Providing a Viable Alternative to Youth Incarceration
Youth incarceration costs the state of Illinois over $100 million per year. More than a quarter of these youth, who are nonviolent, are commonly sent to correctional facilities for evaluation to determine their rehabilitation needs.
Research shows that there is a better way. The Children’s Home & Aid Redeploy Illinois Children program targets youth who are being considered for an evaluation or a commitment to the Illinois Department of Juvenile Justice (IDJJ) between 13 and 18 years of age. Redeploy provides a biographical psychosocial assessment along with a psychological or mental health assessment on each youth in an attempt to identify deficits and strengths. Enrolled youth receive intensive case management services, and have access to a caseworker 24 hours a day.
Redeploy also contracts with One Hope United for Family Functional Therapy which is an evidence based program with a high rate of success. Additionally, the program utilizes a Court and Community Liaison who is able to link families and youth to resources who have not been involved in the juvenile justice system before or have had very limited involvement.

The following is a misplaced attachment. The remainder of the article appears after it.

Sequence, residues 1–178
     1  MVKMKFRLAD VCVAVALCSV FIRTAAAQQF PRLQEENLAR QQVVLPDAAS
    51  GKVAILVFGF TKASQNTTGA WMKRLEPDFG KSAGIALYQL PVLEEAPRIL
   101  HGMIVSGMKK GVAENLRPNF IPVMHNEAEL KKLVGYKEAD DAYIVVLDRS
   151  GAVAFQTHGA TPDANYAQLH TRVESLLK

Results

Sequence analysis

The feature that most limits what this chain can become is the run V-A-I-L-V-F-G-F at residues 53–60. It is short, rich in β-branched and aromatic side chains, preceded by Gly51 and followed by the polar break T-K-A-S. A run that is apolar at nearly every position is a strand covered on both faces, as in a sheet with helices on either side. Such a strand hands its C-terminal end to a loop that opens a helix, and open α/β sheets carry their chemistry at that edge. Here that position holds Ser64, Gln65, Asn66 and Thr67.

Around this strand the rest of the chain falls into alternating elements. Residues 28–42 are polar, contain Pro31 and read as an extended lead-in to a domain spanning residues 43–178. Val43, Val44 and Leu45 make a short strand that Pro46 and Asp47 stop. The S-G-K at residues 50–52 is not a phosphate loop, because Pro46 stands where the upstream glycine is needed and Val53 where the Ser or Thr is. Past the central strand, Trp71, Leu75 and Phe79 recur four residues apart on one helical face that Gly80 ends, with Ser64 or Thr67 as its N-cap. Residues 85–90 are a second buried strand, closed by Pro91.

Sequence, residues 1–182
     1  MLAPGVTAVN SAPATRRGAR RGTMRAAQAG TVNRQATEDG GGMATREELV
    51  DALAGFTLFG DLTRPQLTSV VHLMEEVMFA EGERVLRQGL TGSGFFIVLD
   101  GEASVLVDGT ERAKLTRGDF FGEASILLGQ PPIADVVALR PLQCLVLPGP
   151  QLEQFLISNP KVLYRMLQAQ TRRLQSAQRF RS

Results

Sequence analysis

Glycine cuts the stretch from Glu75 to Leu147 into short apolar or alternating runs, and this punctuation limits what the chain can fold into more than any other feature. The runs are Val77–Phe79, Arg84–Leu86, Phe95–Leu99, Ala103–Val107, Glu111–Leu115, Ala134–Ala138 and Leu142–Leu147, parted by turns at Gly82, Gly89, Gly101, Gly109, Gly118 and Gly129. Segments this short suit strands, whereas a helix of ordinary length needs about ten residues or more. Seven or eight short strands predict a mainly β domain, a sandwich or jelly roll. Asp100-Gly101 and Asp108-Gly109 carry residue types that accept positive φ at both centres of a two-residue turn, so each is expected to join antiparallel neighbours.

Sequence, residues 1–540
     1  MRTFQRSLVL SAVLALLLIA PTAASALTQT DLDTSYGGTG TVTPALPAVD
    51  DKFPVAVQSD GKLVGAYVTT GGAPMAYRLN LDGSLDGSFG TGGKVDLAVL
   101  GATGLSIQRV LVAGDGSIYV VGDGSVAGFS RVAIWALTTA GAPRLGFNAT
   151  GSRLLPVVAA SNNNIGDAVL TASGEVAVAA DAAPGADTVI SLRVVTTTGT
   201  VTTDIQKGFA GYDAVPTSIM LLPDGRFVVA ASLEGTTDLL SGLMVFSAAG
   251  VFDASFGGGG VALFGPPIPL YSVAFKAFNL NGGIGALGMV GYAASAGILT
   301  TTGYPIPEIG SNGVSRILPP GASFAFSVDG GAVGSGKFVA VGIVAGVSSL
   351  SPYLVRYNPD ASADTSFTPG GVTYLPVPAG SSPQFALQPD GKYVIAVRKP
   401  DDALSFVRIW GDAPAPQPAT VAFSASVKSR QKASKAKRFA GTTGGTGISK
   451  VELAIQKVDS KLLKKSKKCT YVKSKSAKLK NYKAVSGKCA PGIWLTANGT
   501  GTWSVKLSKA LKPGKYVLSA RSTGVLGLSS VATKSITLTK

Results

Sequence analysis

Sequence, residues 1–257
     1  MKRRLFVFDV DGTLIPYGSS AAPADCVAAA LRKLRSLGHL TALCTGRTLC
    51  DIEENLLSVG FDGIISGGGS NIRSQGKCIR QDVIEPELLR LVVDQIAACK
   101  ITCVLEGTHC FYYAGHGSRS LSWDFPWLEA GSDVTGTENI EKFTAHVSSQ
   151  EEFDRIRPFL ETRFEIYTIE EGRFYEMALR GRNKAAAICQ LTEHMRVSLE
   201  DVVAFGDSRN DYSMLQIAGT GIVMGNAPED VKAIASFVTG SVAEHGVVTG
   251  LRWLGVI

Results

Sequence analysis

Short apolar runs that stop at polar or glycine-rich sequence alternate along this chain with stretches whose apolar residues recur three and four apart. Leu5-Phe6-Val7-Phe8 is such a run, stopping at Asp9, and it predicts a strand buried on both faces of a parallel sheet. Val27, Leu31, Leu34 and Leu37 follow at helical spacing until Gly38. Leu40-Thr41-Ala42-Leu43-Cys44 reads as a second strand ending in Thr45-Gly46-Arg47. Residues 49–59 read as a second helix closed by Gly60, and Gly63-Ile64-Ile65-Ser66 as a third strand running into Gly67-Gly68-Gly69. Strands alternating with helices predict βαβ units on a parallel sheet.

A Local Approach
Research shows that non-violent offenders are more likely to succeed when rehabilitation is provided in their own community. This requires the Counties Redeploy is involved in to have a working collaboration with juvenile justice stakeholders and service providers. Redeploy brings together multiple service providers as a team approach with each youth. This collaboration is very helpful in eliminating waiting lists and other barriers to youth and their families needing immediate services. Redeploy also works closely with the St. Clair County Youth Coalition, St. Clair County Juvenile Justice Council and the Madison County Juvenile Justice Council, which also provide local oversight for the program. In addition, there is a stakeholder’s meeting that convenes on a monthly basis to examine areas of concern and progress.
Redeploy uses Illinois Department of Human Services funds that are diverted from incarcerating youth to providing interventions and resources to them in their own community. It costs Illinois anywhere from $85,000 to $100,000 on annual basis to house youth in the IDJJ. These youth have a 54% failure rate. It costs Illinois $3,000 to $9,000 per youth to provide community based interventions through Redeploy with an over 79% success rate.